Facebook discussion on mental illness garners 7700 viewers

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Mental illness affects many Defence Team members – an often overlooked fact as mental health conditions are sometimes concealed in the workplace.

To help combat this issue, Colonel Rakesh Jetly, the Canadian Armed Forces (CAF) Surgeon General’s senior psychiatrist and mental health advisor, recently discussed Mental Illness in the Workplace to live and social media audiences.

Despite efforts to combat the stigma surrounding mental illness, some Defence Team members remain reluctant to seek treatment. Studies show that one in five Canadians will experience mental illness in their lifetime, but only one in seven will reach out to access health services. From an organizational perspective, taking proactive steps to help staff deal with mental health is not only a moral obligation, but also a practical one that will enhance productivity. The World Health Organization has found that more working days are lost due to mental disorders than any physical condition.

“We need to put the right programs and services in place to best support Defence Team members,” said Col Jetly. “It’s not just the right thing to do; it’s the smart thing to do.”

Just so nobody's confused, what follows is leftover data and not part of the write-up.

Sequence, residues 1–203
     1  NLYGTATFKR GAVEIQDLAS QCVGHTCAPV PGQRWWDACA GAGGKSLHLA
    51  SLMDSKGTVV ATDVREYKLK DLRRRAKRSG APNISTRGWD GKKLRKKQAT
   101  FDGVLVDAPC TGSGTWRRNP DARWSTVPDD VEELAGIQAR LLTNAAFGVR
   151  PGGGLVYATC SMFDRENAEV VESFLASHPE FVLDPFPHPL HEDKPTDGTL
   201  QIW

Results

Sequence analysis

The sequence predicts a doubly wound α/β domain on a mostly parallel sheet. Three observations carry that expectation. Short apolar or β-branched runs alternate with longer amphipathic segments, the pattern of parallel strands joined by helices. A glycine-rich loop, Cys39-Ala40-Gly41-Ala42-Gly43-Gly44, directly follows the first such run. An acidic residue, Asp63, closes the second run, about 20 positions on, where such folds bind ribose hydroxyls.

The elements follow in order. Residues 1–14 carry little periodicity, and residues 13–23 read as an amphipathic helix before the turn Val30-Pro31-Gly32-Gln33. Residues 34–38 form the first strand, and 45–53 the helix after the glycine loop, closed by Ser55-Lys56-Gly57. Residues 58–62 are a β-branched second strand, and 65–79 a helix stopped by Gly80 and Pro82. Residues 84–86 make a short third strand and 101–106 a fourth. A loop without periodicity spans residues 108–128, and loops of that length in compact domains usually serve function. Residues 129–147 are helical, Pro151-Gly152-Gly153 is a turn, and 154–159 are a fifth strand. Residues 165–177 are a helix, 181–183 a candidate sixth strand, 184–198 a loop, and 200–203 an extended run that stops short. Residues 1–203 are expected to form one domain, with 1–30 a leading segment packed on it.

Many people who suffer from mental illness live with the false belief that they will never be as productive as their counterparts. To help combat this, the CAF has moved from the traditional model for mental health to a Mental Health Continuum Model that anyone can refer to on a daily basis.

“The point is not to confuse competence and capability with depression. These things are not mutually exclusive. We have to get away from thinking that mentally ill people are not competent,” stated Col Jetly.

Military and civilian members of the Defence Team are the department’s most important asset. These are the people who support domestic and international operations to help protect Canadians, procure new tanks, develop next generation technology, and provide critical human resources and financial services.

Col Jetly’s discussion marked Canada’s Healthy Workplace Month and was attended by more than 50 people at National Defence Headquarters in Ottawa, and viewed by more than 7700 on Facebook.

“Mental illness does not define a person,” posted one Facebook user. “I am so proud that these conversations are occurring. There is hope.”

 

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